Wednesday, June 13, 2012

Lawrence Durrell (A centenary Celebration 13-16 June 2012)

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Lawrence Durrell was born on February 27th 1912 in Jalandhar , India, the eldest son (the others being Leslie, Margaret, and Gerald) of Indian-born British colonials Louisa and Lawrence Samuel Durrell. His first school was St Joseph's College, North Point, Darjeeling . On reaching the age of eleven Lawrence was sent to England, briefly attending St Olave's Grammar School , before settling at St Edmund's School , Canterbury, he failed his entrance exam to university.

 

His father died soon after, and Durrell with his share of the inheritance headed to Bloomsbury with the intention of becoming a writer - he had his first collection of poetry Quaint Fragment, published in 1931 at the age of 19. In January 1935 he married Nancy Isobel Myers (his first of four marriages), and by March of the same year he had convinced his wife, mother & siblings to leave England and set up home in Corfu, ostensibly to live more economically, but with the additional aim of escaping both the English weather and stultifying English culture, often referred to by Durrell as “the English death” a major factor in why he resisted affiliation with Britain, preferring to be considered a cosmopolitan writer. 1935 was also the year his first novel Pied Piper of Lovers , was published and also around this time, after reading a copy of Henry Miller 's 1934 novel Tropic of Cancer, he wrote Miller an enthusiastic letter stating his admiration for the novel and Miller replied with equal enthusiasm. It was the start of a correspondence - and a friendship - which would last 45 years, until Miller's death in 1980. His next novel was The Black Book written in 1938, a work heavily influenced by Millers writing. This mildly risqué work didn’t get published in Britain until 1973. In the story, the main character Lawrence Lucifer struggles to escape the spiritual sterility of a dying England.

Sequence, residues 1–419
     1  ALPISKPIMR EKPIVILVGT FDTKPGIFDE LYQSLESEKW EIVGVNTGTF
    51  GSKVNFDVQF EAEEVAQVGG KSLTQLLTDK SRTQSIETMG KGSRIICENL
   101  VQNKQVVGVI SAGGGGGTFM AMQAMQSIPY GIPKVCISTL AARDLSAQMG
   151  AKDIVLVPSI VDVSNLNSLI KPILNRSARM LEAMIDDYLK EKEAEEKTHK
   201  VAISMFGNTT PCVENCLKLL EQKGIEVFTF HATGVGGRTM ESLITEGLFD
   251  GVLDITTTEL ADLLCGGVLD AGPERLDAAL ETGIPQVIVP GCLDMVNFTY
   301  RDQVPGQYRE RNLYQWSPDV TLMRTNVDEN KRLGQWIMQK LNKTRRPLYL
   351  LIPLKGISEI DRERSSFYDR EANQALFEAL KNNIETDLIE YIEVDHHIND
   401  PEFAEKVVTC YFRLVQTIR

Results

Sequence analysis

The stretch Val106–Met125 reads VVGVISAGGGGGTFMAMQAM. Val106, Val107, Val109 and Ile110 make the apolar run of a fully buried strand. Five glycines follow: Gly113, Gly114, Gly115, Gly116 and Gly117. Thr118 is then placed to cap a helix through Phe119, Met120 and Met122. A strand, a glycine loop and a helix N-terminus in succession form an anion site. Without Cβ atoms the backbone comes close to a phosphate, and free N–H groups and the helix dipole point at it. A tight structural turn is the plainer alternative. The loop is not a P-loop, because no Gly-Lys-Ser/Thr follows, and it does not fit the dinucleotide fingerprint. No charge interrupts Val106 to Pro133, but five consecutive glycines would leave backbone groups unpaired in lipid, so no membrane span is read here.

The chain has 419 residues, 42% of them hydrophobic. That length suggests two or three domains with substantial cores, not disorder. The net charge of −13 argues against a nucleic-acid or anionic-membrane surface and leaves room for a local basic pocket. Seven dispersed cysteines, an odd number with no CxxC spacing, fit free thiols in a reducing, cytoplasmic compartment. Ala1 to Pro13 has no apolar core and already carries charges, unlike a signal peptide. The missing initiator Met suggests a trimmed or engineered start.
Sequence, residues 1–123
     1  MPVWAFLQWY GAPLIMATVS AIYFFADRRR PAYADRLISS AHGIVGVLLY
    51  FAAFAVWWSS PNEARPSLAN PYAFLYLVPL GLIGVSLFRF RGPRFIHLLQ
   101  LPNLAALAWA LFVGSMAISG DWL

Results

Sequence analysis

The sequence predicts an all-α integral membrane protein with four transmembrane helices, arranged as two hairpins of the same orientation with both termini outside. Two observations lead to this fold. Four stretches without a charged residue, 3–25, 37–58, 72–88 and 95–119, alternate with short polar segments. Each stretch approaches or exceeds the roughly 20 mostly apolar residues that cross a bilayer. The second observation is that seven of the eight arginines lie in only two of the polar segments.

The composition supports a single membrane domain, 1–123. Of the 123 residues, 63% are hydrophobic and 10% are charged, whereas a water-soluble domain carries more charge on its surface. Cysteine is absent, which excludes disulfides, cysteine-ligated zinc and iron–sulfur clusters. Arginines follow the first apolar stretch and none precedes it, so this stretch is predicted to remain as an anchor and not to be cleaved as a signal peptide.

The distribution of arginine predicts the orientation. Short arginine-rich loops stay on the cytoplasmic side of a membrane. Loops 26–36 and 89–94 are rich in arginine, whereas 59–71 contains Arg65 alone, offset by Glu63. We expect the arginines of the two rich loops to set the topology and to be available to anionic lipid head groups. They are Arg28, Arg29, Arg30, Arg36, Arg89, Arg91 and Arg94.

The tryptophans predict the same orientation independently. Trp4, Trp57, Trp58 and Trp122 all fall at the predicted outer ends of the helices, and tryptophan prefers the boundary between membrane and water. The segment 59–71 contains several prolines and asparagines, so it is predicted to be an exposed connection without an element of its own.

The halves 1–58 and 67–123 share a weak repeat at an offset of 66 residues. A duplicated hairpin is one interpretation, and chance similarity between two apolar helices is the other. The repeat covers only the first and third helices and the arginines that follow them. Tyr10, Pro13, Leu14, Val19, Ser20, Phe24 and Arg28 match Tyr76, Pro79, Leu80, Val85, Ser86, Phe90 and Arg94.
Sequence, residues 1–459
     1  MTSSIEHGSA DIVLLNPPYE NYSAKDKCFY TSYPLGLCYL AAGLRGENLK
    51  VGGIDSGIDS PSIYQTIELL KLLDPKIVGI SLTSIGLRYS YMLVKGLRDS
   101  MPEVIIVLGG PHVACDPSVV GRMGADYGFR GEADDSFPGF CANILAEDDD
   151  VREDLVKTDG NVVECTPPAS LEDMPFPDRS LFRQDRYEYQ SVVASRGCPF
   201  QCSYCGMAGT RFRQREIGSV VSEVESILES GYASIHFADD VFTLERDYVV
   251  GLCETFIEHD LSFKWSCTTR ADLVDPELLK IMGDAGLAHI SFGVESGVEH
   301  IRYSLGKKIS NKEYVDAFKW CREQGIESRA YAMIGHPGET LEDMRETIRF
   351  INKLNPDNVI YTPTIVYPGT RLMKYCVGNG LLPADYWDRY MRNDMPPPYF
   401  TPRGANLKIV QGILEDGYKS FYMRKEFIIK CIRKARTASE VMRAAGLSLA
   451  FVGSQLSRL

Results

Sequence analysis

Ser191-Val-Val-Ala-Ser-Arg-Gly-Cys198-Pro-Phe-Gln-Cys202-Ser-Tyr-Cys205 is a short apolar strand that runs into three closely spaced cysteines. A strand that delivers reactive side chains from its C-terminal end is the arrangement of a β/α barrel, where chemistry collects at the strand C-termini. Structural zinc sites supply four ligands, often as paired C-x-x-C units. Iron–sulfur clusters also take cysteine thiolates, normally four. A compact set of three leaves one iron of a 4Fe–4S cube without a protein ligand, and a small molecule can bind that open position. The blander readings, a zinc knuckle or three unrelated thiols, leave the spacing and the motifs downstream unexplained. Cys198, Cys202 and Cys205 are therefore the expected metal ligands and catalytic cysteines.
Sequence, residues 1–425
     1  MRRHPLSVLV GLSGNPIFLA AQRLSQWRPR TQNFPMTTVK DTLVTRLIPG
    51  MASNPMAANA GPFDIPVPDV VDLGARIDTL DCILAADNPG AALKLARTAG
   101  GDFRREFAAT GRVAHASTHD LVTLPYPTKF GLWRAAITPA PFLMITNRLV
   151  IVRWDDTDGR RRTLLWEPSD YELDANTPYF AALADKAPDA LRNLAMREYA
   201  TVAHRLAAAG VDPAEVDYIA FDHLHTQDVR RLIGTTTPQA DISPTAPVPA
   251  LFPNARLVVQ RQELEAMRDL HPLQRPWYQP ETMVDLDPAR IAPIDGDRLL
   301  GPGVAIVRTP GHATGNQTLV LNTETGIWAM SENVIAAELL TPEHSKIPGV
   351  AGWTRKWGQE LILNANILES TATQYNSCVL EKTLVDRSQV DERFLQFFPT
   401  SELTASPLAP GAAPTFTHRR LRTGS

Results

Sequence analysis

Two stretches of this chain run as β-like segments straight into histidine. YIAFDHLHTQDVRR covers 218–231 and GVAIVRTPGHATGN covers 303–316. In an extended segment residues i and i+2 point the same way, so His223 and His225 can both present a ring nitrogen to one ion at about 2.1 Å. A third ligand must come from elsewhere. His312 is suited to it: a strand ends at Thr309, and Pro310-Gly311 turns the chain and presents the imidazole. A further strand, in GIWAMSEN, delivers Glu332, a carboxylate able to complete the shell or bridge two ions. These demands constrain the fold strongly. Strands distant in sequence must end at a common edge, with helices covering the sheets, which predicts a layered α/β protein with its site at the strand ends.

Lawrence with his wife Nancy, lived a bohemian existence, first living with his family, before setting up home in the “White House”, a fisherman's cottage on the shore of Corfu's north-eastern coast at Kalami, a tiny fishing village, visited by friends such as the poet Theodore Stephanides and Henry Miller who stayed there in 1939. It was also during this period (Aug’,1937) that he & Nancy travelled to the Villa Seurat in Paris to meet Henry Miller and Anaïs Nin. Together with Alfred Perles, they began a collaboration with the ambition of creating their own literary movement, they also started the Villa Seurat Series, publishing Durrell’s Black Book, Miller's Max and the White Phagocytes, and Nin's Winter of Artifice, with Jack Kahane of the Obelisk Press on board as the publisher.